Apple denies report of App Store search monopoly | Cult of Mac

Apple denies report of App Store search monopoly

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The Wall Street Journal claims Apple is giving its own apps preferential treatment in the iOS App Store search results. During a wide-ranging test of basic app search terms like “maps”, WSJ discovered that some of Apple’s apps show up first in the rankings 60% of the time. For other terms, the rate was even higher.

Over 600 app searches were performed during a two-day span for WSJ‘s App Store report. The site found that revenue-generating apps like books and music brought up Apple Books or Apple Music 95% of the time.

Is the App Store a monopoly?

Apple has recently faced accusations of running the App Store as a monopoly because developers are required to give Apple 30% of revenue from app sales. Adding more accusations of unfair practices certainly doesn’t help Apple’s case.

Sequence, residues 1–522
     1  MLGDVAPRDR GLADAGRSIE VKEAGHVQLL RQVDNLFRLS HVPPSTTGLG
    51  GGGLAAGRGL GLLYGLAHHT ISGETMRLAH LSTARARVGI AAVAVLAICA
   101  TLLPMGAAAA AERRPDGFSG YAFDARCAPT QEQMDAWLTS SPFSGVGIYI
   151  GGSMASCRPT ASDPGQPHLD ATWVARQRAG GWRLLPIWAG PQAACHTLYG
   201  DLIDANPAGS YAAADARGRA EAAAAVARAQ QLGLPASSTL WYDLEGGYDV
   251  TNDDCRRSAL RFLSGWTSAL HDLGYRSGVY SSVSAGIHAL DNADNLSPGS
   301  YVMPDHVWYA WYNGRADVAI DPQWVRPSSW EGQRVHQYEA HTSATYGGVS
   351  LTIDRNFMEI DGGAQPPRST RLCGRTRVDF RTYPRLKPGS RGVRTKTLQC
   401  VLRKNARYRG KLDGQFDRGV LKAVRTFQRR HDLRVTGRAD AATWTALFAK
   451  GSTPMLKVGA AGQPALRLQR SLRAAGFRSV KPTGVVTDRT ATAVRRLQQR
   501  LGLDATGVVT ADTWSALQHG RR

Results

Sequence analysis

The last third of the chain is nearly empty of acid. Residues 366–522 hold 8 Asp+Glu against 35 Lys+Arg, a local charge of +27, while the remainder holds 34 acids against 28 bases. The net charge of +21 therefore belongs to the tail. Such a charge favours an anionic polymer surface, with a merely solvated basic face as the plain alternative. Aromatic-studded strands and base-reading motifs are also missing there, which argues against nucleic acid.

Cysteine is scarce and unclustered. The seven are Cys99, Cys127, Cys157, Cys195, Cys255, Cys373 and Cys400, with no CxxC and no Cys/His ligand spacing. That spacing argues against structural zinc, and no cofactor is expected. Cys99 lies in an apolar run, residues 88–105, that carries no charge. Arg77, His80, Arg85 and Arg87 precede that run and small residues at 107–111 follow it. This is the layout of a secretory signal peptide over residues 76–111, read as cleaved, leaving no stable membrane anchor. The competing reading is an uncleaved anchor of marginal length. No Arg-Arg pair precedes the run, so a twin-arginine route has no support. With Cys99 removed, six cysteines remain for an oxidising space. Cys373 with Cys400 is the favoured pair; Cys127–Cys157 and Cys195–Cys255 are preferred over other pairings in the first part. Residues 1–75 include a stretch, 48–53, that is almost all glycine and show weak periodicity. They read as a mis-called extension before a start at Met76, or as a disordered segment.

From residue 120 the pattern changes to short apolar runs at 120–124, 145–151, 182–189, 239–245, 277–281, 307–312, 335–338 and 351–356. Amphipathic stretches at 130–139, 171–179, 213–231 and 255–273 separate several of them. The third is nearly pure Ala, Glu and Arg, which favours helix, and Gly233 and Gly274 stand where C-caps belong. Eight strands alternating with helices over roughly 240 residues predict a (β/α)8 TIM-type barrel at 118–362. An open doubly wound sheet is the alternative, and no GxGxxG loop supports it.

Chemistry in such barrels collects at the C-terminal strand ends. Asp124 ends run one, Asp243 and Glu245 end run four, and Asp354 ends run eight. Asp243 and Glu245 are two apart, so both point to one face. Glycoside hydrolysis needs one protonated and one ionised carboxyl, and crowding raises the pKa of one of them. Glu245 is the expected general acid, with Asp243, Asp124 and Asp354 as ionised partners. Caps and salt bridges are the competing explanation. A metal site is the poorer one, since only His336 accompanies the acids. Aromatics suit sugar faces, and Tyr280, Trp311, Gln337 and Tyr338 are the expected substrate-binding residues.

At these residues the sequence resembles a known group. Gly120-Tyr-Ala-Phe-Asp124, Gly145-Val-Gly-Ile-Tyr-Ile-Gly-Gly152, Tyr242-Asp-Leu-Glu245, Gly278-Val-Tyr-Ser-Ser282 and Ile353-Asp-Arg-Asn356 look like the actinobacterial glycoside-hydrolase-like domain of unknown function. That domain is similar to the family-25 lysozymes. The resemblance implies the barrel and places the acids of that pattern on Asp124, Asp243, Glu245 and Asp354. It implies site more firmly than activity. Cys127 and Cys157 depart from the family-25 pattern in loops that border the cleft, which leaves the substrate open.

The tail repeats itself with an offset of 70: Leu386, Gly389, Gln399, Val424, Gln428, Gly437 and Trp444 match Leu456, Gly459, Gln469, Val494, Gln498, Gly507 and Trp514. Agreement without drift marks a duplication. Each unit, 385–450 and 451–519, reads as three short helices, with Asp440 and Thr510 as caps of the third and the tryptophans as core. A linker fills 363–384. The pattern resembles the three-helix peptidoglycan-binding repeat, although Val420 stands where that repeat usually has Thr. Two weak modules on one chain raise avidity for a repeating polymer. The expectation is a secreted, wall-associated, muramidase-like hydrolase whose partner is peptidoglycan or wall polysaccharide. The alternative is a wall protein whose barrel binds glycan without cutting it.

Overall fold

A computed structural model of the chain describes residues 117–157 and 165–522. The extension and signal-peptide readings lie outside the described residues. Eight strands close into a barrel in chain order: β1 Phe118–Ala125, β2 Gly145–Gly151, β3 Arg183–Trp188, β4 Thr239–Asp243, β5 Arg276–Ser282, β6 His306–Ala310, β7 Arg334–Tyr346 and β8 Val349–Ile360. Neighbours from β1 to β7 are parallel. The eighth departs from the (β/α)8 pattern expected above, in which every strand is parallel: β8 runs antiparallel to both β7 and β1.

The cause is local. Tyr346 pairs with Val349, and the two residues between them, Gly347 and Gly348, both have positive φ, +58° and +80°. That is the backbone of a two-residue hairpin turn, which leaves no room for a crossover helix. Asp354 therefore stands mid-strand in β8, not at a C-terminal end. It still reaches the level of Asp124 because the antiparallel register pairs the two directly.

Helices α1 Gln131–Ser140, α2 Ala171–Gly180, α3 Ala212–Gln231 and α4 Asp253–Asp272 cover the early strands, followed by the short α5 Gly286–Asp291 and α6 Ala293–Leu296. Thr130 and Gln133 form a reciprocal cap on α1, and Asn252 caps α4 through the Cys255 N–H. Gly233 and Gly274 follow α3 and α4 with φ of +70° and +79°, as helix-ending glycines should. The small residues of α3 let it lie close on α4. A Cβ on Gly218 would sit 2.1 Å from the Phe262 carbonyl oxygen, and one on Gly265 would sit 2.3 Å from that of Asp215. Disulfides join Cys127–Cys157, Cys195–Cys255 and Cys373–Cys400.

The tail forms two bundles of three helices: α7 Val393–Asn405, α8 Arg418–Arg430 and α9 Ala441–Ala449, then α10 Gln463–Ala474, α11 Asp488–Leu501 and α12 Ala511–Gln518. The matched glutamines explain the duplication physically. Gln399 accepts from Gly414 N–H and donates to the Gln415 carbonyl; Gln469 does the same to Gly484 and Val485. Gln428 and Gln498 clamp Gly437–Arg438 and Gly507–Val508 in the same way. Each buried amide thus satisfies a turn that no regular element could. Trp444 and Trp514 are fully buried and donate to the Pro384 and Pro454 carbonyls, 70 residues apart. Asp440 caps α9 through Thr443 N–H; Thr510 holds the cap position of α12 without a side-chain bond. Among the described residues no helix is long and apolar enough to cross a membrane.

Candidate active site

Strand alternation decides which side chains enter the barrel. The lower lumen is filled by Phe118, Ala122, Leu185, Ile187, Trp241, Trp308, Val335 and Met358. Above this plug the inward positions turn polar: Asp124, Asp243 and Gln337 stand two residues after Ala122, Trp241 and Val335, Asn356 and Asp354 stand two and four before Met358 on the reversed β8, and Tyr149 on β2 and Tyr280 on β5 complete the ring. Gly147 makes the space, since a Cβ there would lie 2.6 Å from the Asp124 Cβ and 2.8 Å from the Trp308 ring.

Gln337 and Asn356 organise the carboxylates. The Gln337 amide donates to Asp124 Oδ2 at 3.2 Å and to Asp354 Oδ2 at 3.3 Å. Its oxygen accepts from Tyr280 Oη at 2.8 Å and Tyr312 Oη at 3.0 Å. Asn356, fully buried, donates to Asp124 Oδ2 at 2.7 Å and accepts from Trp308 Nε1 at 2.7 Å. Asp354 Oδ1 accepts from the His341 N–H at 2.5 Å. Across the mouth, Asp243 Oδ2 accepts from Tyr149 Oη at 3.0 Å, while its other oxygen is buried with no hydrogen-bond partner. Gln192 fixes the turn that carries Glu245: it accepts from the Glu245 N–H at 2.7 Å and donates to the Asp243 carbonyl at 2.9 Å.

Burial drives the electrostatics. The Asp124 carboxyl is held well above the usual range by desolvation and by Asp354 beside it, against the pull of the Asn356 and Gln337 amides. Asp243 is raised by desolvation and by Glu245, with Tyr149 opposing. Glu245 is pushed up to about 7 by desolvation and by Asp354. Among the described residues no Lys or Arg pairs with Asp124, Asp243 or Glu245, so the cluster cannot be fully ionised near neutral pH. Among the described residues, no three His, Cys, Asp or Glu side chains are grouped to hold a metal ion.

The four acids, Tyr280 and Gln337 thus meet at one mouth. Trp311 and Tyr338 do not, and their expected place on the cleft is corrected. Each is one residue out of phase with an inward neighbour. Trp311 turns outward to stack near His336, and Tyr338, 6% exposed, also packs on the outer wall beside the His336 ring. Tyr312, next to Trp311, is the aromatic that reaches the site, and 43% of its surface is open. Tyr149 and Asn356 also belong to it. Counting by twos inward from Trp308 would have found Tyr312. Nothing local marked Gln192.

After being accused of skirting some of its own rules for search results rankings, Apple has fired back. The iPhone-maker explained that its search engine uses past consumer preferences as one of the values in its rankings.

“Apple customers have a very strong connection to our products and many of them use search as a way to find and open their apps,” Apple said in a statement. “This customer usage is the reason Apple has strong rankings in search, and it’s the same reason Uber, Microsoft, and so many others often have high rankings as well.”

Many of Apple’s iOS apps can be deleted to save space. If you need to install it again, you just go to the App Store to download it so this could explain why some of the company’s apps rank higher. One of the big problems though is that Apple is leaning more on its apps and services to make money. If the iTunes app or Apple TV+ always pops up first when someone does a search for “movies” instead of HBO GO or Netflix, that gives Apple an unfair advantage.

42 different factors are used to determine where apps rank. Apple keeps the formula for its rankings secret but shared the factors that have the most influence are downloads, ratings, relevance and “user behavior”. Favoring ratings is also problematic because some of Apple’s own apps don’t have reviews or ratings.

Apple will be facing even more scrutiny about its App Store in the near future and possibly for good reason. The Supreme Court recently ruled that a class-action lawsuit against Apple for taking 30% of App Store revenue can proceed. If Apple loses, it could lead to a huge shake-up of how the App Store works.